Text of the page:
My favorite fruit in Thailand, mangosteen have an interesting texture and flavor.

Mangosteen is my absolutely favorite fruit! This fruit has a very thick reddish-purple outer ‘shell’ that you must break through in order to get to the fruit. Inside, the edible part is segmented like an orange, very soft, and tastes similar to an apple or pear. Be careful with these though; often you’ll open them up to find a brown center – no way to tell these have gone bad unless you open them L such a waste!

Availability: These are also not readily available in the states. Again, I’ve found them once or twice at Asian markets but they were all brown – not a single one edible. My favorite Thai website ImportFood (locally based in Issaquah) does carry them when in season and the one batch I’ve ordered was great. That’s the only recommendation I have if you want to try them.

Tamarind – Makaam or makaan waan มะขาม

images

Tamarind is not only delicious in fruit form but also as a flavor enhancer to many Thai dishes.

I was turned on to tamarind about halfway through my stay in Thailand by a local lady who used to sit out on her porch step with bags and bags of these just munching away and spitting the seeds into the street. Tamarind is a long pod-shaped fruit with a fleshy fruit inside. They taste similar to grapes or prunes and have multiple hard pea-sized seeds on the inside. While they are great as they are, the pulp is also used to flavor different Thai dishes.

Availability: I’ve had better luck finding tamarind locally than any of the other fruits. Because tamarind has a consistency of a prune or fruit roll up they tend not to go bad as quickly as other fruits. Rising Produce in Seattle had prepackaged boxes and I’ve seen them in a few other locations. If you are looking to use the fruit for cooking (tom yum, etc.) then it’s much easier to just buy tamarind paste from any local Asian market.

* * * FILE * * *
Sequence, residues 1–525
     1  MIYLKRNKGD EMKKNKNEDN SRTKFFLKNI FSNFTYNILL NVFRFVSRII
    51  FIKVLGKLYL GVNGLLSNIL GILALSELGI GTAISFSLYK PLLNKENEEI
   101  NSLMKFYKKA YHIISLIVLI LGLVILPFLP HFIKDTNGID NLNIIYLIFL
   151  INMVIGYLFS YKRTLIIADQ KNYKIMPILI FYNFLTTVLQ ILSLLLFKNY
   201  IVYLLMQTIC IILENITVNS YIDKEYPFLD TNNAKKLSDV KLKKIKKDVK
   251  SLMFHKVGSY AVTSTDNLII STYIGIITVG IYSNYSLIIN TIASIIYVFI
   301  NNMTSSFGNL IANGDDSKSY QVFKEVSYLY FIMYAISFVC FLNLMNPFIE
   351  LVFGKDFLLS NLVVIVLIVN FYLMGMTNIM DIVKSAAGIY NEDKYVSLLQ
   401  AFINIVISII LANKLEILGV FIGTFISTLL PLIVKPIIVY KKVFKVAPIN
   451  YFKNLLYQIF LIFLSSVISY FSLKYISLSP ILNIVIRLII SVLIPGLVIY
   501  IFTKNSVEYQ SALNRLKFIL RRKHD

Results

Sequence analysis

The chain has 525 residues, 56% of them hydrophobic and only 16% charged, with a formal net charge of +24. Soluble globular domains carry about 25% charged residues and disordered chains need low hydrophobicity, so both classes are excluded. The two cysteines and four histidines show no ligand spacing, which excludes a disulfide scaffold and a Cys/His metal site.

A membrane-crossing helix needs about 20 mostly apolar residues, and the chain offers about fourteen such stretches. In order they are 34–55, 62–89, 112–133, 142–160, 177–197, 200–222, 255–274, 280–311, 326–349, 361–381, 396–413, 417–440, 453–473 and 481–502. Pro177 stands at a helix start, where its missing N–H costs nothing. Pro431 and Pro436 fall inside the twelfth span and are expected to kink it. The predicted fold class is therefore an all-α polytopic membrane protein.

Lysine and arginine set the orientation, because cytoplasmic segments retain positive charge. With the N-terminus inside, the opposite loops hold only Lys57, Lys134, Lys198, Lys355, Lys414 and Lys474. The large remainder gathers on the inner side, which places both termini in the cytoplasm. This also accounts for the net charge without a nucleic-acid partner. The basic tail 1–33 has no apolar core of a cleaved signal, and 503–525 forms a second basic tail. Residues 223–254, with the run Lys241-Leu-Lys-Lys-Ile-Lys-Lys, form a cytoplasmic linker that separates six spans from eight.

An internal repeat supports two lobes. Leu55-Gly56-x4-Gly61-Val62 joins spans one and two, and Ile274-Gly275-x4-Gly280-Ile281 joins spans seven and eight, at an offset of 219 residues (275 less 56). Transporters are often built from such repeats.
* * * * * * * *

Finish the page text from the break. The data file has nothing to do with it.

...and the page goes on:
Longan – Lum yai ลำไย

Longan has a similar flavor to lychee and grapes.

Longan has a similar flavor to lychee and grapes.

The last on the list was a toss-up between baby bananas and longan. If this was called the “Friday Six” I would have included both, but I made the rules and I need to follow them so longan it is (though baby bananas are delicious too!). Longan comes on a branch of many brown round balls. Inside each ball is a translucent fruit similar to lychee that tastes like a really sweet grape. These are delicious!

Availability: Unfortunately, I have not spent a lot of time looking for longan in the states so I can’t tell you exactly how “available” it is, but I’ve also never walked through a produce/fruit section and noticed it there. I have a feeling it’s not the most popular of exotic fruits, and therefore, it isn’t around much.

Advertisements

Categories: Uncategorized

Subscribe!

Subscribe to our RSS feed and social profiles to receive updates.

No comments yet.

Leave a Reply

Fill in your details below or click an icon to log in:

WordPress.com Logo

You are commenting using your WordPress.com account. Log Out /  Change )

Google+ photo

You are commenting using your Google+ account. Log Out /  Change )

Twitter picture

You are commenting using your Twitter account. Log Out /  Change )

Facebook photo

You are commenting using your Facebook account. Log Out /  Change )

w

Connecting to %s

%d bloggers like this: